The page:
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HPS's Eric Goldin: On health physics
Eric Goldin, president of the Health Physics Society, is a radiation safety specialist with 40 years of experience in power reactor health physics, supporting worker and public radiation safety programs. A certified health physicist since 1984, he has served on the American Board of Health Physics, and since 2004, he has been a member of the National Council on Radiation Protection and Measurements’ Program Area Committee 2, which provides guidance for radiation safety in occupational settings for a variety of industries and activities. He was awarded HPS Fellow status in 2012 and was elected to the NCRP in 2014.
Goldin’s radiological engineering experience includes ALARA programs, instrumentation, radioactive waste management, emergency planning, dosimetry, decommissioning, licensing, effluents, and environmental monitoring.
The HPS, headquartered in Herndon, Va., is the largest radiation safety society in the world. Its membership includes scientists, safety professionals, physicists, engineers, attorneys, and other professionals from academia, industry, medical institutions, state and federal government, the national laboratories, the military, and other organizations.
The HPS’s activities include encouraging research in radiation science, developing standards, and disseminating radiation safety information. Its members are involved in understanding, evaluating, and controlling the potential risks from radiation relative to the benefits.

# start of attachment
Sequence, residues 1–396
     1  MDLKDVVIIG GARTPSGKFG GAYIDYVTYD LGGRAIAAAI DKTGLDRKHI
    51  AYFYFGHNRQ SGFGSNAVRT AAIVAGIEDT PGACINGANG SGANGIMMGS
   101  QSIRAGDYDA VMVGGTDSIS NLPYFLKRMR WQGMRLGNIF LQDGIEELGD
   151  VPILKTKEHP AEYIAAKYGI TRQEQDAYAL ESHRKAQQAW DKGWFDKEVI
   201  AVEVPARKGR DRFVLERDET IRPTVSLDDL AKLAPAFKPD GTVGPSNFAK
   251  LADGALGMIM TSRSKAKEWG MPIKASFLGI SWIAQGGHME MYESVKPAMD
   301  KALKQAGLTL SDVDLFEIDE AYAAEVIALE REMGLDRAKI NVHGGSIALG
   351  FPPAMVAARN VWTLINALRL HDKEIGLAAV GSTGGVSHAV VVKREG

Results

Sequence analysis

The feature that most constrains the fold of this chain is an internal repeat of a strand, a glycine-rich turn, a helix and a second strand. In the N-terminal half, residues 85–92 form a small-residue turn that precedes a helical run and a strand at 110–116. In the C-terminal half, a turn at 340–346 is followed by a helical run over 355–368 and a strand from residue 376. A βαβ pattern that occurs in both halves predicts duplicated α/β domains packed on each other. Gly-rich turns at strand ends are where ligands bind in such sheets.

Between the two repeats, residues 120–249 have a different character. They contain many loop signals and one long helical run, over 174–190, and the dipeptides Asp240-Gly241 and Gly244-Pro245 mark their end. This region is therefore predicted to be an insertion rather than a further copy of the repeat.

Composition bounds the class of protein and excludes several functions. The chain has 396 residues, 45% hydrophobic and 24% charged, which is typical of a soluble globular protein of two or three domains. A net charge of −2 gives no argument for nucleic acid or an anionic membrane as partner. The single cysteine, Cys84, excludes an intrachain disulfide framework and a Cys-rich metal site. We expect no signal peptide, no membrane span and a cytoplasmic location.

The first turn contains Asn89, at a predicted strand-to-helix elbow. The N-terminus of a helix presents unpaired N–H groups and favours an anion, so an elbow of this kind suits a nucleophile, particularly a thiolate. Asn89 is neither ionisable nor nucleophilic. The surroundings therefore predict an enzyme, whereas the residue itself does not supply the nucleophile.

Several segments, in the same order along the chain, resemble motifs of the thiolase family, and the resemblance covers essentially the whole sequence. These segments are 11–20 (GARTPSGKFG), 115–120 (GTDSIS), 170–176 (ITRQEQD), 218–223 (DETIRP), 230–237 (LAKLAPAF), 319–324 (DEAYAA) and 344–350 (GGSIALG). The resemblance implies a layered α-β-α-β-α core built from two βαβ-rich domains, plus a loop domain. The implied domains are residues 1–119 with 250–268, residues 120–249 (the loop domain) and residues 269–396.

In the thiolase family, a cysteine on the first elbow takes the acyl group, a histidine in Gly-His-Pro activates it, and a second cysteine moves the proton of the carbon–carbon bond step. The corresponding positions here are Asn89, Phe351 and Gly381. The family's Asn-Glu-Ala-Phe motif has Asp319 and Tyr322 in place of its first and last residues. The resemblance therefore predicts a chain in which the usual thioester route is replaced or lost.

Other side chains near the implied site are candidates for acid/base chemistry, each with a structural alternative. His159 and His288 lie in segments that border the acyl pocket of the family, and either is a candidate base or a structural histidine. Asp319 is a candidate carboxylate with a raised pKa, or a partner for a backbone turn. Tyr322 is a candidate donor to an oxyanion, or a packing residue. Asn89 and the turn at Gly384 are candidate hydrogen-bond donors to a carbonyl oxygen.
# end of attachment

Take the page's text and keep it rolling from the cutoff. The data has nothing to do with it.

Goldin talked about the HPS and health physics activities with Rick Michal, editor-in-chief of Nuclear News.
Nuclear Science and Engineering | Volume 182 | Number 1 | January 2016 | Pages 54-70
Technical Paper | Special Issue on the RELAP5-3D Computer Code | dx.doi.org/10.13182/NSE14-144
Articles are hosted by Taylor and Francis Online.
As part of an effort to improve the stability of the RELAP5-3D computer code, a characteristic analysis of the governing differential equations for a compressible, one-dimensional, two-fluid, nonhomogeneous nonequilibrium model is presented. The study is limited to the case when small timescale relaxation terms can be neglected, and therefore, a two-pressure model can be reduced to an equivalent volume-average, one-pressure model. The primary focus of the work is to consider flow with compressible components and to compare hyperbolicity criteria with the results of commonly used limitations of flow with incompressible phases. Based on a review of current achievements in this area, a generic form of momentum conservation equations that are invariant from the definition of differential interfacial terms is suggested. New analytical criteria of strict hyperbolicity of the governing system for the compressible two-phase-flow model are developed and supported by numerical calculations and comparisons. Furthermore, overrestriction of results of eigenvalue analysis based on an incompressible components model is demonstrated.
The derived criteria are applied to RELAP5-3D in the form of modifications to momentum equations. Upon implementing the developed criteria, the simulation results show marked improvement in stability without otherwise affecting the calculations. The importance of well-posedness of the initial value problem for numerical solution stability is demonstrated.